Price: £28,650
Top speed: 151 mph 0-60mph 6.6 seconds
Consumption: 33.2 mpg
CO2 emissions: 199g/km
Best for:
Triumphalists
Also worth considering? Audi TT, Mercedes SLK, Porsche Boxster

Triumph. Perhaps you remember the name. The last time it graced – if that is the right word – a new car, was in 1984, when production ended of the Triumph Acclaim, a dreary Honda saloon built under licence by British Leyland.

But back in the Sixties and Seventies, it was all so different. Triumph's open-topped Vitesse, Stag and TR6 cut a real dash, while the rakish 2000 and the Dolomite Sprint were some of the first cars to show that saloons didn't need to be dull either. In those days, Triumph was, perhaps, a sort of British BMW. In fact, you could argue that today's BMW is a German take on Triumph; with the 2000, for example, the British company devised the recipe for the 5-Series, the mainstay of the BMW range, 10 years before the Bavarians did. And, if my amateur automotive genealogy is correct, the current owner of the now-defunct Triumph badge is none other than BMW; like the current Mini, it is a relic of the Germans' ill-fated involvement with Rover.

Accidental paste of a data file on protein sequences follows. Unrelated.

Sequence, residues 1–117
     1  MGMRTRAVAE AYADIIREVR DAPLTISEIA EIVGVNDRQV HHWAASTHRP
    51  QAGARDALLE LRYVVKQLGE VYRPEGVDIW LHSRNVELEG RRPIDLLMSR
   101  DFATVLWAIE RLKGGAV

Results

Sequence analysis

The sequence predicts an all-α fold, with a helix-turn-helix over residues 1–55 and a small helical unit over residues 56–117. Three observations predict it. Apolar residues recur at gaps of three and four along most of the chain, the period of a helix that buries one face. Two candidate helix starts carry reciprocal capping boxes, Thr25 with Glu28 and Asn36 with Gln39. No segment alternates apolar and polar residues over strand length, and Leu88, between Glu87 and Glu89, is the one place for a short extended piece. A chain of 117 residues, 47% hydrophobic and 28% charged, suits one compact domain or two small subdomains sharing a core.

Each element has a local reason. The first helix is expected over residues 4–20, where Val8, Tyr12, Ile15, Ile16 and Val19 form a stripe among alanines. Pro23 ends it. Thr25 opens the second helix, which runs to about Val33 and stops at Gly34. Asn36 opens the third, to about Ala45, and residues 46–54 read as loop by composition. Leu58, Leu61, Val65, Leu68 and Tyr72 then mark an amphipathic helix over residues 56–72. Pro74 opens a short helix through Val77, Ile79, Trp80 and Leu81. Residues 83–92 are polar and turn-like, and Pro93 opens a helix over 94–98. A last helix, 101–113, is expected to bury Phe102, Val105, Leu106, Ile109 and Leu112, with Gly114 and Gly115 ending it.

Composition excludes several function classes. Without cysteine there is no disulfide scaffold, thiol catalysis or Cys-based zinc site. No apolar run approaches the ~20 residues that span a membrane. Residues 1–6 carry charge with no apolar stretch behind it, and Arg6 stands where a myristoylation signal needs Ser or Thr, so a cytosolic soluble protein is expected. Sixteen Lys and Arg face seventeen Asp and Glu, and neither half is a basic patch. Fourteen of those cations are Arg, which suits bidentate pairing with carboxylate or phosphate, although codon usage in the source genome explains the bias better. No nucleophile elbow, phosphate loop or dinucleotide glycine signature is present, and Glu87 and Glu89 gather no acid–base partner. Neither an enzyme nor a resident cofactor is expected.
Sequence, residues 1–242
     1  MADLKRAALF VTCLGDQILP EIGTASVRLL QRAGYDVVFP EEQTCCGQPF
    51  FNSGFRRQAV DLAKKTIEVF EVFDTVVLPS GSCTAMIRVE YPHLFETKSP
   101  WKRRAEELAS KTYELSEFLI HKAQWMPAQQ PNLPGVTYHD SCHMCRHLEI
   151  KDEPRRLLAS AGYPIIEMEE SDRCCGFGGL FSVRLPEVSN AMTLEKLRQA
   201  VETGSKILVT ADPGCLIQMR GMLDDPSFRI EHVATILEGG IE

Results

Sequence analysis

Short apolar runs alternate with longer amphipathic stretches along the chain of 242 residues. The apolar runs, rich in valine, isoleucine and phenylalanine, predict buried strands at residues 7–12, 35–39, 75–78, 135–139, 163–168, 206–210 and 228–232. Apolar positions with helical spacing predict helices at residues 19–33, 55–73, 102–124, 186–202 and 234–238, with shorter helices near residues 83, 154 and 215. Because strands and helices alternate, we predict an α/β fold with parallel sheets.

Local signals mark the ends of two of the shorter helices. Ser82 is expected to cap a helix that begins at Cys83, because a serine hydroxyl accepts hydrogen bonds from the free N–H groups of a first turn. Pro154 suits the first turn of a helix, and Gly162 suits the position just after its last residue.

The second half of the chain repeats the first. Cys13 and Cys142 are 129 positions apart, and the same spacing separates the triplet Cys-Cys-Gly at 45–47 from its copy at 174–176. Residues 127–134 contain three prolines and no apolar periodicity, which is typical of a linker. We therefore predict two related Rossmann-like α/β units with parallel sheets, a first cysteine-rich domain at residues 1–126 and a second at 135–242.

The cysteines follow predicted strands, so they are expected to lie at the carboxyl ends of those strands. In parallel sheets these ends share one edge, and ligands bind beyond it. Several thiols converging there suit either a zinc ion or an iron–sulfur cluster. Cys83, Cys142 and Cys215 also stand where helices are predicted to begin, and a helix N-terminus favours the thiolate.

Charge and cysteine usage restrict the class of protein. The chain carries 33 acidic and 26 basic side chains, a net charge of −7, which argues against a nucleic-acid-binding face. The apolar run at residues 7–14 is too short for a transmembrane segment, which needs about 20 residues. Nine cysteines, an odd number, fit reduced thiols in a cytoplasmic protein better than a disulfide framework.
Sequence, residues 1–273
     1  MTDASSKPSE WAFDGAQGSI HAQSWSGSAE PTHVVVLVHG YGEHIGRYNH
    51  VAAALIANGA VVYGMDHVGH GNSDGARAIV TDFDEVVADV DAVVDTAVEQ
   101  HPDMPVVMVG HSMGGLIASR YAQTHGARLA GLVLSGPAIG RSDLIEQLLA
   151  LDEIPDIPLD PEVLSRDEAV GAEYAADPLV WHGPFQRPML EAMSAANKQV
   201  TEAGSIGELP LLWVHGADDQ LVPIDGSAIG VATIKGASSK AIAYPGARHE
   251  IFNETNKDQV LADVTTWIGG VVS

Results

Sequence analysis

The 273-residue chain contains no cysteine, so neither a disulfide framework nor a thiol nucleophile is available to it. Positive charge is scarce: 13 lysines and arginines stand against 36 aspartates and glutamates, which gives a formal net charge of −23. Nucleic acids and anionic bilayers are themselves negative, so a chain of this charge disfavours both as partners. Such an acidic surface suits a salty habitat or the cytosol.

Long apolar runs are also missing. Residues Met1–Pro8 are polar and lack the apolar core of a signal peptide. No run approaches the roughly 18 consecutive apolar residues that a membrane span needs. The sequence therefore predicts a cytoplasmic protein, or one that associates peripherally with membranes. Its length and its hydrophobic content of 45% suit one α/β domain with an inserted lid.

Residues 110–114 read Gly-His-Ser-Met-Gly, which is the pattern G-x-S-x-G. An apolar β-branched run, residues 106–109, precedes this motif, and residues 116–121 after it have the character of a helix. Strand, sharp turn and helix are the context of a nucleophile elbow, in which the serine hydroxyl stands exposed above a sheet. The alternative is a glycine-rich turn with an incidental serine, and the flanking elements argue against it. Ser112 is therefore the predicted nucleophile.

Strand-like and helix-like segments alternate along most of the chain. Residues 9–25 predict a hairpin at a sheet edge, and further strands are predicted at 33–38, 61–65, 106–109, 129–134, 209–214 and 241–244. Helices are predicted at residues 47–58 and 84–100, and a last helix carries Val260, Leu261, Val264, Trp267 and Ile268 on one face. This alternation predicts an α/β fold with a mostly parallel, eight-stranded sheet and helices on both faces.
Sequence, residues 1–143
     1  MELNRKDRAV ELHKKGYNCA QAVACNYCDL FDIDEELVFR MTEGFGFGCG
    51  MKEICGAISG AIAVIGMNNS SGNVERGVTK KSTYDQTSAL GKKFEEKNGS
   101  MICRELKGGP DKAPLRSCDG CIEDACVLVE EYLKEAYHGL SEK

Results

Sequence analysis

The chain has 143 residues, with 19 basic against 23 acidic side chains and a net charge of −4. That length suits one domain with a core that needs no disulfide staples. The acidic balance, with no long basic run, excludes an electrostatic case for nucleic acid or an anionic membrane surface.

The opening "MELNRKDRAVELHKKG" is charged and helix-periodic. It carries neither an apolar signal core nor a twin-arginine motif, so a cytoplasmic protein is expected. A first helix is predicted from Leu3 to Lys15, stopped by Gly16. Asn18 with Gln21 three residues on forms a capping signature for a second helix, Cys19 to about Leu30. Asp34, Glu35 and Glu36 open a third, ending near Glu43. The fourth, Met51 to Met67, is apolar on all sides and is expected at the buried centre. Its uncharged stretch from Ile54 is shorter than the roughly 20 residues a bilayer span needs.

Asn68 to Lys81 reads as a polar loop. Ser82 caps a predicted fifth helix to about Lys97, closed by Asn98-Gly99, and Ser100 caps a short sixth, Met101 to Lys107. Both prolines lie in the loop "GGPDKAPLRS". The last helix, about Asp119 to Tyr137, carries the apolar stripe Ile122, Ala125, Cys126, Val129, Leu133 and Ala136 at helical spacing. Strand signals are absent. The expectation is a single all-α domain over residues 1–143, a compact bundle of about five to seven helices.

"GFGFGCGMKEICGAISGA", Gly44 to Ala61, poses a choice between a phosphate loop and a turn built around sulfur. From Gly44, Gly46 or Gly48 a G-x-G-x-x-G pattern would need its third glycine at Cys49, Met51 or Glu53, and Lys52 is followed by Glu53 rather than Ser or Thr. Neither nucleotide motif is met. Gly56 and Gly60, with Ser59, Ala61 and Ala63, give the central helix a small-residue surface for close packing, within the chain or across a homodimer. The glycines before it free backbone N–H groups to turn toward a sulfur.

Anyway, I was reminded of all that history when I drove this car, the latest Z4, recently. Why? Because although it has a BMW badge on its bonnet, it is, without a doubt, a Triumph. It's a roadster, a category of car we British invented, and just like a typical Triumph, it has a straight-six engine. Above all, the Z4 simply feels like a Triumph; it's quite sporty but it's also quiet and comfortable, and not all that intense.

That's why you can probably safely ignore the larger-engined versions, including the impressively rapid sDrive35i, with its 300 horsepower-plus twin-turbo engine; the Z4 just isn't the sort of car in which you feel compelled to go chasing Porsches, so the least powerful sDrive23i, with about 200 horsepower, and a much lower price tag, does just fine.

My testing done, I headed home, my head full of warm thoughts about the Z4. Triumph may be dead, I reasoned, and BMW may be successful, but British car fans could still be proud that the Germans perhaps couldn't have done it without the templates that poor old Triumph provided for today's BMW roadsters and executive saloons. Interesting company, Triumph, I thought – I'll read up about it in Wikipedia. And there it was in black and white, the final twist; Triumph wasn't quite the thoroughbred British outfit I had supposed. It was founded in the UK in 1885 by a Mr Bettmann and a Mr Schulte – and I'm sure you can guess where they came from.

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